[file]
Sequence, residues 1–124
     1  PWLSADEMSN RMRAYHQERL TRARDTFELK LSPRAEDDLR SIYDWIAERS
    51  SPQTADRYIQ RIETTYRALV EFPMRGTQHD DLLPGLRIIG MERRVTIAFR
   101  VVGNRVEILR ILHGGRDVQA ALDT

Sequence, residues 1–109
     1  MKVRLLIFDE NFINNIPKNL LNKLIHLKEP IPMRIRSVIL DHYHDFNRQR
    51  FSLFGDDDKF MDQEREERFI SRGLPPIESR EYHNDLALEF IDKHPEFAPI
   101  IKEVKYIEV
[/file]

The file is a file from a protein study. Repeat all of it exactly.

Sequence, residues 1–124
     1  PWLSADEMSN RMRAYHQERL TRARDTFELK LSPRAEDDLR SIYDWIAERS
    51  SPQTADRYIQ RIETTYRALV EFPMRGTQHD DLLPGLRIIG MERRVTIAFR
   101  VVGNRVEILR ILHGGRDVQA ALDT

Sequence, residues 1–109
     1  MKVRLLIFDE NFINNIPKNL LNKLIHLKEP IPMRIRSVIL DHYHDFNRQR
    51  FSLFGDDDKF MDQEREERFI SRGLPPIESR EYHNDLALEF IDKHPEFAPI
   101  IKEVKYIEV